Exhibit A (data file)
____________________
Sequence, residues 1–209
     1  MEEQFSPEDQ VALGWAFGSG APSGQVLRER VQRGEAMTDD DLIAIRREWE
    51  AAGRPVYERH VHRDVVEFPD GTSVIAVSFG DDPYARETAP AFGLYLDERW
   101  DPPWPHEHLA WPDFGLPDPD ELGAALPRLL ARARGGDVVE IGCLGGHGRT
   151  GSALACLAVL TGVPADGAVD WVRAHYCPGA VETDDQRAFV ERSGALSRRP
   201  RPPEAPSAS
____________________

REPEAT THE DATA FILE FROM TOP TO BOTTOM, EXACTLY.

Sequence, residues 1–209
     1  MEEQFSPEDQ VALGWAFGSG APSGQVLRER VQRGEAMTDD DLIAIRREWE
    51  AAGRPVYERH VHRDVVEFPD GTSVIAVSFG DDPYARETAP AFGLYLDERW
   101  DPPWPHEHLA WPDFGLPDPD ELGAALPRLL ARARGGDVVE IGCLGGHGRT
   151  GSALACLAVL TGVPADGAVD WVRAHYCPGA VETDDQRAFV ERSGALSRRP
   201  RPPEAPSAS